Do you know that​ Adams was constantly working on getting the light just right in the Moonrise photograph. It evolved over many years. In the early years the sky wasn't as dark.  Also, several years after taking the photograph, he decided to increase the contrast of the foreground, and to do so, he even refixed the negative. 

Here is how Adams summed up the making of this masterpiece: "It is a romantic/emotional moment in tie. I think it would have a certain appreciation even if poorly printed. However, the mood of the scene requires subtle value qualities in the print that I feel are supportive of the original visualization. The printed image has varied over the years; I have sought more intensity of light and richness of values as time goes on."​

I don't know about you, but I'm glad he didn't just give 20 minutes to it and call it a day.​

Key 8: Love Your Photos Like They Were Your Children.​

And one more story about Ansel Adams; and it's a story from my past. And it is about Ansel Adams as the person. It's about his generosity.

At the time I was living in Los Angeles and I was taking private lessons on the Zone System and darkroom technique from a photographer named David Moore, who, by the way, had taken a workshop at Yosemite with Ansel Adams several years earlier.

One night, after spending three hour with David in his darkroom under his supervised instruction, I paid him an amount of money that we had previously agreed to for his time. But he surprisingly returned two-thirds of it. I asked him why. He said, "I was working on my own stuff too. That's what Ansel would do. Let me tell you a story."

He then told me how one day he was in Carmel, California and decided to go knock on the door of Ansel Adams, who had lived there for many, many, years. Ansel came to the door and David said, "I don't know if you remember me, but I took a workshop with you in Yosemite a few year ago and I just wanted to say hi and thank you for all you gave me."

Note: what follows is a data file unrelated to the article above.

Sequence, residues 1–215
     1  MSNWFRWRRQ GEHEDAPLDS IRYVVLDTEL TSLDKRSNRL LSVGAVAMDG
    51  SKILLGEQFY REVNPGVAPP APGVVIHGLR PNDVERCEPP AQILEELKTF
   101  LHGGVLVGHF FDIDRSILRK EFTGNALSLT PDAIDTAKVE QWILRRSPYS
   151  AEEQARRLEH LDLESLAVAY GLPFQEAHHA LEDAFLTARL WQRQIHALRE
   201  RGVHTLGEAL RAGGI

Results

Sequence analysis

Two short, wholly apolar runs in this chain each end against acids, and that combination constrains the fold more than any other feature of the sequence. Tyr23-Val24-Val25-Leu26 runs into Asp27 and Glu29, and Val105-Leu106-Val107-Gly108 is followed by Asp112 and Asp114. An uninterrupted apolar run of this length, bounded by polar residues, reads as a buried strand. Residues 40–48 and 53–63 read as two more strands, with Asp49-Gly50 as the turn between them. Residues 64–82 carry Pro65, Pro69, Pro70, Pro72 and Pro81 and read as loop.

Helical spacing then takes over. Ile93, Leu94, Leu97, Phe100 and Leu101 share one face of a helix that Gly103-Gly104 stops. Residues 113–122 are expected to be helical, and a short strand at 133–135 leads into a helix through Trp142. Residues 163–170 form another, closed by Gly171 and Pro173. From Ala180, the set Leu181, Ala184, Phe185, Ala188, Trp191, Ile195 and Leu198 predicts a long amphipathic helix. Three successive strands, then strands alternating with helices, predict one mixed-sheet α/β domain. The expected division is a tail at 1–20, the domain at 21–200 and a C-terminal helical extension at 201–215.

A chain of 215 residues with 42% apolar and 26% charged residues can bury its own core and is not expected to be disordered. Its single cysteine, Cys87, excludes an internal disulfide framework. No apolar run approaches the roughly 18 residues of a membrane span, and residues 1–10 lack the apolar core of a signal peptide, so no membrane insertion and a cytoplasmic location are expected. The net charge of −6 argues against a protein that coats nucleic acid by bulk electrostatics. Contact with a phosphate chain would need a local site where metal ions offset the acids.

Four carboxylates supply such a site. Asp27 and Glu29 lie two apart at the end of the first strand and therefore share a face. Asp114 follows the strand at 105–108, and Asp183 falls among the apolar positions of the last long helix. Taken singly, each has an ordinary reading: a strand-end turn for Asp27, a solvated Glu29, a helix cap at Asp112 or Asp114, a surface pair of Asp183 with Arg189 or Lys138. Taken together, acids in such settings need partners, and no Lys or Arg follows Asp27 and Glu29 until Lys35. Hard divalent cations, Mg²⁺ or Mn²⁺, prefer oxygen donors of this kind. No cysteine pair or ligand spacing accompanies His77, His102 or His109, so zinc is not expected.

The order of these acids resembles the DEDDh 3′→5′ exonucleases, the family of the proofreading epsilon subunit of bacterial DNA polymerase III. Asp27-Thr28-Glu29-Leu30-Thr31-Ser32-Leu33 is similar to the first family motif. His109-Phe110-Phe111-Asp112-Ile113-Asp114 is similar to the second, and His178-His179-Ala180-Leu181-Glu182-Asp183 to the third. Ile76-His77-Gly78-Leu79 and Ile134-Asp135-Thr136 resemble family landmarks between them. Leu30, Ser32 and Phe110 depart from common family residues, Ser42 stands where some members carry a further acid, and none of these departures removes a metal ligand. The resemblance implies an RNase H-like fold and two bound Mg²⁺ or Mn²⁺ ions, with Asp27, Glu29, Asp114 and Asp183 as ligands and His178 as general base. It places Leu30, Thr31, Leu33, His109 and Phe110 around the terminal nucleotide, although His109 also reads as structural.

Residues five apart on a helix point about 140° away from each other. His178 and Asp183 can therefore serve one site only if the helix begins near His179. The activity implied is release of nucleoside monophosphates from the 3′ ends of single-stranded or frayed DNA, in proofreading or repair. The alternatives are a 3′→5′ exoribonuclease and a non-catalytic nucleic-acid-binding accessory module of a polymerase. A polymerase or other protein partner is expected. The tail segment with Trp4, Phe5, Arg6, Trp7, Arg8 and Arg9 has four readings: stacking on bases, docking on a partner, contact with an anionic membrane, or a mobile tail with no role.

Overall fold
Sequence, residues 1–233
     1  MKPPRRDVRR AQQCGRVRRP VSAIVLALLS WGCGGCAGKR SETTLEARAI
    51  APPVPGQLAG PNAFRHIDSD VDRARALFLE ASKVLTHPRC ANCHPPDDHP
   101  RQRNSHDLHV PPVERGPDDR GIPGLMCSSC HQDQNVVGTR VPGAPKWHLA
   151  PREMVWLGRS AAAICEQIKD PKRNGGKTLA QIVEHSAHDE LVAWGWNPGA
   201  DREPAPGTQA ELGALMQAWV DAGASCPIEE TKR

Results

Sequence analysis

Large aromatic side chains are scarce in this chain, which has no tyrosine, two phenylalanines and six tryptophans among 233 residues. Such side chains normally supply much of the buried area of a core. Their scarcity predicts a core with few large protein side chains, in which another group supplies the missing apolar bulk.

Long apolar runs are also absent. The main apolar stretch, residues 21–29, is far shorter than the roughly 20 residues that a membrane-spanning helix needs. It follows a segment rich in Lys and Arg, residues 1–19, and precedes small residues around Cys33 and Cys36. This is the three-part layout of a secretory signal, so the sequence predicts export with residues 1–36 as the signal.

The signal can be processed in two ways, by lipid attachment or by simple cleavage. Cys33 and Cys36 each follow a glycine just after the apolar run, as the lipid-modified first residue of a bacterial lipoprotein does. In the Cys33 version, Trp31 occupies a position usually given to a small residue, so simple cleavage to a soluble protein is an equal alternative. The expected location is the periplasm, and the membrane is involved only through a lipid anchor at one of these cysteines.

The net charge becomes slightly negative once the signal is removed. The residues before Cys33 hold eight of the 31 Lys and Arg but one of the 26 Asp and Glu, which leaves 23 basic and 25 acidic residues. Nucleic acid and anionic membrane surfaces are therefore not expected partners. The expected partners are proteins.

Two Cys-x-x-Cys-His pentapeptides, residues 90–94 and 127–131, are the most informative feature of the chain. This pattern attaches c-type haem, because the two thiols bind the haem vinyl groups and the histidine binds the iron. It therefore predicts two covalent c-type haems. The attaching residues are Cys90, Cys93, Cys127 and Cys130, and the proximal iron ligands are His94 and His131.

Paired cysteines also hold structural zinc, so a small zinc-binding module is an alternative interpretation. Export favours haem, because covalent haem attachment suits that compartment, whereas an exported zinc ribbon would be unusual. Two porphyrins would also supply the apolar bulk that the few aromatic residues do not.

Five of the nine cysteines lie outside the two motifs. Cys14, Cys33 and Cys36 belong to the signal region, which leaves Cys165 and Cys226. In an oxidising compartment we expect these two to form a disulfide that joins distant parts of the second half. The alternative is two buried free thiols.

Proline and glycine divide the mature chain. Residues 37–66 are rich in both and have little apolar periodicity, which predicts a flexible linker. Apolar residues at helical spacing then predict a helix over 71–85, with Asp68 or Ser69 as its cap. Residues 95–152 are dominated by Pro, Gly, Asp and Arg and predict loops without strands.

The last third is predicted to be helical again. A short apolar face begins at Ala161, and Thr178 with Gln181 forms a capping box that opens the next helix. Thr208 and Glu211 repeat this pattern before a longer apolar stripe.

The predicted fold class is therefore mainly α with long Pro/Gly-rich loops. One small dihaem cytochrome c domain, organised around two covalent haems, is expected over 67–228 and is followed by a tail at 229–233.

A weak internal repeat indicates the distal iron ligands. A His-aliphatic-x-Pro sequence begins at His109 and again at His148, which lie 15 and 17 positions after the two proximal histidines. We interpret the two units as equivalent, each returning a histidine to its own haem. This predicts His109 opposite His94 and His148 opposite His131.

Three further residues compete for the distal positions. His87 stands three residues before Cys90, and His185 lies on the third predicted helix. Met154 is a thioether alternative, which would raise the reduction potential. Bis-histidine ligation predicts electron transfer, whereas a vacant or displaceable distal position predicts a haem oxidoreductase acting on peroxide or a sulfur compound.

Now most celebrities (and Ansel Adams was more than a celebrity in the world of photography​) would say something like "Thanks for coming by. Nice to see you. But I got to get back to work."

After all, he was busy with his work. He was in the last couple years of his life, he was putting out his series of books on The Camera, The Negative, and The Print, and was going through all of his decades of photography and organizing it and getting it all ready for the archives.​

But instead he said, "Come on in. Let me give you a tour of my house and my darkroom. Have you had lunch?" And he made David feel like he was more important than anything else on his agenda that day.

David went on to say that this generosity made such a deep impression on him that he decided to model his life on that. And that is why he gave me back two thirds of my money.

So what does that have to do with photography? Well, it all comes down to generosity and time. Be generous  with your time you put into your photography. Love your craft. Love your viewers. Love your photos as if they were your children. Give them time and attention. Don't ignore them. Let them evolve as you evolve. Make your photos as great as you can, as if they were going to hang in the Louvre next to the Mona Lisa.

If you put the effort into your craft each day, as if you were creating a masterpiece, the odds of eventually making a masterpiece go way, way up. And if you are fortunate enough to even make one great masterpiece in your lifetime, your photography will have been a great success​.

That's what Ansel would do.​  That's what Ansel did.

Greg

Greg Butler, Managing Editor of Making Great Photos, is a professional photographer and an Adobe Certified Expert in Photoshop. He lives in the Myrtle Beach, South Carolina area. His speciality in photography is nature, architecture, and portraiture.